Industry experts from South Korea have noted that Tesla’s upcoming $25,0000 vehicle, which is expected to debut in about three years, will likely force the hand of the company’s domestic rivals. With such a vehicle in the market, automakers like Hyundai and Kia would have to come up with comparably-priced electric cars that could compete with Tesla in terms of price and features. Such initiatives would require vast resources to pull off.
In a statement to The Korea Bizwire, the industry experts noted that local EV manufacturers would likely need about four or five years to come up with a vehicle that’s on par with Tesla’s $25,000 car. Elon Musk has noted that the $25,000 Tesla will still feature great performance and tech like the company’s existing S3XY vehicle lineup. That’s a pretty high bar for rivals to meet, considering Tesla’s battery and tech advantage.
Current average market prices of EVs in South Korea excluding subsidies range between 45.6-48.8 million won (about $38,900-$41,600) for medium-sized models and about 39.2 million to 41.7 million won for smaller cars. With this in mind, the idea of a premium EV priced below 30 million won would likely be possible only if South Korean battery makers like LG Chem decide to match their prices with Tesla.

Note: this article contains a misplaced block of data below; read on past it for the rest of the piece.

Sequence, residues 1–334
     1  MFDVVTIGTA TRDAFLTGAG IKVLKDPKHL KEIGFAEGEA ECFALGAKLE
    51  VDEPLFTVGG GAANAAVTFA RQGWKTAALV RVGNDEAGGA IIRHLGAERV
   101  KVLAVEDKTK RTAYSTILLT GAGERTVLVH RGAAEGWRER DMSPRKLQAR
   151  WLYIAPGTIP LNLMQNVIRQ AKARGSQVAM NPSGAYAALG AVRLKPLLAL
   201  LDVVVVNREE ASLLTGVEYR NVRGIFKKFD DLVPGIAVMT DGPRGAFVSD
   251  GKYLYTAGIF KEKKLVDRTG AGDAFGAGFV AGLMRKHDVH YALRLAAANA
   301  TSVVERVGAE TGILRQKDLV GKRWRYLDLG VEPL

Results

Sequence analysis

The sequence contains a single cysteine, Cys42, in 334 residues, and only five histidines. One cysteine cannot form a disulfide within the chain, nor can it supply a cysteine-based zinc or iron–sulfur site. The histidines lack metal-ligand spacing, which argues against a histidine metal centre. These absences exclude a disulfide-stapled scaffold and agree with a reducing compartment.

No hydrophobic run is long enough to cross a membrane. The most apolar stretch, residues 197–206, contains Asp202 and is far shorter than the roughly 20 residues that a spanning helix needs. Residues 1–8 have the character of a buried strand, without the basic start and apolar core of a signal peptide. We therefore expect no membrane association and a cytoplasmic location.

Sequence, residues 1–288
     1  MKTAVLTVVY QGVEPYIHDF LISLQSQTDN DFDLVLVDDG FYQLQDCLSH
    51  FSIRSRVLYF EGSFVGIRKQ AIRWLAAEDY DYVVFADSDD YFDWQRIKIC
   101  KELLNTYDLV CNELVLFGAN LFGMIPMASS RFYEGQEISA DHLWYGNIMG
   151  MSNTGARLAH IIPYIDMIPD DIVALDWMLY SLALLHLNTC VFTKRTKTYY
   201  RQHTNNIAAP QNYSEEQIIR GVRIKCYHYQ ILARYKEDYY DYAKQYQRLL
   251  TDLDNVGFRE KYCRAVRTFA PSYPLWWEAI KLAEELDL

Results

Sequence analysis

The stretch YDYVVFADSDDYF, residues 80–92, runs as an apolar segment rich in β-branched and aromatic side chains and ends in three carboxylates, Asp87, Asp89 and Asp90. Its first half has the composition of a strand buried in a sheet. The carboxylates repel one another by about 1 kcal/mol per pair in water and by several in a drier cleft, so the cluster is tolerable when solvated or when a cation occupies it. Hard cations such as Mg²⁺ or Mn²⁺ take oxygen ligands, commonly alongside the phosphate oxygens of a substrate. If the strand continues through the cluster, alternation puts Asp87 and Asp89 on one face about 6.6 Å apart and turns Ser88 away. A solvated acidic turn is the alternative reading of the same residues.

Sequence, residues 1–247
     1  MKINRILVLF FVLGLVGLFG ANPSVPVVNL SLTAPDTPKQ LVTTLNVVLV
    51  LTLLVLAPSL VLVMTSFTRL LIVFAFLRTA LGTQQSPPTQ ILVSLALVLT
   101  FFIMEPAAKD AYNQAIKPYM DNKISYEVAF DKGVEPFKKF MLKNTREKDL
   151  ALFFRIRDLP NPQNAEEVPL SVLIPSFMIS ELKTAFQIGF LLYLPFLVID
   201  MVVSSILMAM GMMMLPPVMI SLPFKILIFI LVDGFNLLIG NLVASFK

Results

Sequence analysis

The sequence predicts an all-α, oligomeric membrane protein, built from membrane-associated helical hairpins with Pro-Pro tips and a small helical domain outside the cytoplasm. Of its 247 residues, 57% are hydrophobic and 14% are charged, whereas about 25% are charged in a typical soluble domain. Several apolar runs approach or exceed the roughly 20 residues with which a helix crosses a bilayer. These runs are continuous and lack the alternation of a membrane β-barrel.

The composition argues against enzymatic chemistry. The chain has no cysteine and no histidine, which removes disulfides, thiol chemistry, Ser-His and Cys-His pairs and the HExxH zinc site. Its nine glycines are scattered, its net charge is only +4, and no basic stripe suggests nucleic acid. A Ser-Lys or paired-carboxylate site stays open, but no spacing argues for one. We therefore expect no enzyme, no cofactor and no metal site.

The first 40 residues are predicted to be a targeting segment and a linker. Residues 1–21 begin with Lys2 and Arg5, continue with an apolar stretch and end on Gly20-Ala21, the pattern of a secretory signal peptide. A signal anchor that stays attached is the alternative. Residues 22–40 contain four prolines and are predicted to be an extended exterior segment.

If domestic battery suppliers are unable to offer this, countries like South Korea would likely have to deal with an EV market that’s dominated by Tesla’s $25,000 car. In a statement to the publication, Lee Hang-gu, a senior researcher at the Korea Automotive Technology Institute, noted that companies like Hyundai, which already have an EV program, could see losses if they cut production costs to a level that matches Tesla.
“Hyundai Motor will lose 12 trillion won if domestic car makers cut production costs by 30 to 40 percent to compete with Tesla,” Lee said.
The upcoming arrival of Tesla’s $25,000 car may end up fostering innovation among its domestic rivals as well. Kwon Soon-woo, a researcher at SK Securities Co, explained that local electric car makers could catch up to Tesla’s price and level, but the automakers would have to sacrifice their profits in exchange for rapid technical breakthroughs in the coming years. But even then, Tesla’s $25,000 vehicle would still likely beat its rivals to market.
“If automakers sacrifice profits in exchange for a breakthrough in the market, EVs that cost less than 30 million won may be available in four to five years,” Kwon said.
Tesla’s $25,000 car has captured the interest of the EV market simply because such a vehicle could effectively transform Tesla into one of the most dominant automakers in the industry. With its price, Tesla would be able to cater to a much wider demographic than before, allowing the company to render even affordable ICE cars irrelevant. Such a vehicle may very well be successful in locations like South Korea and other surrounding Asian countries where affordable, practical vehicles are preferred.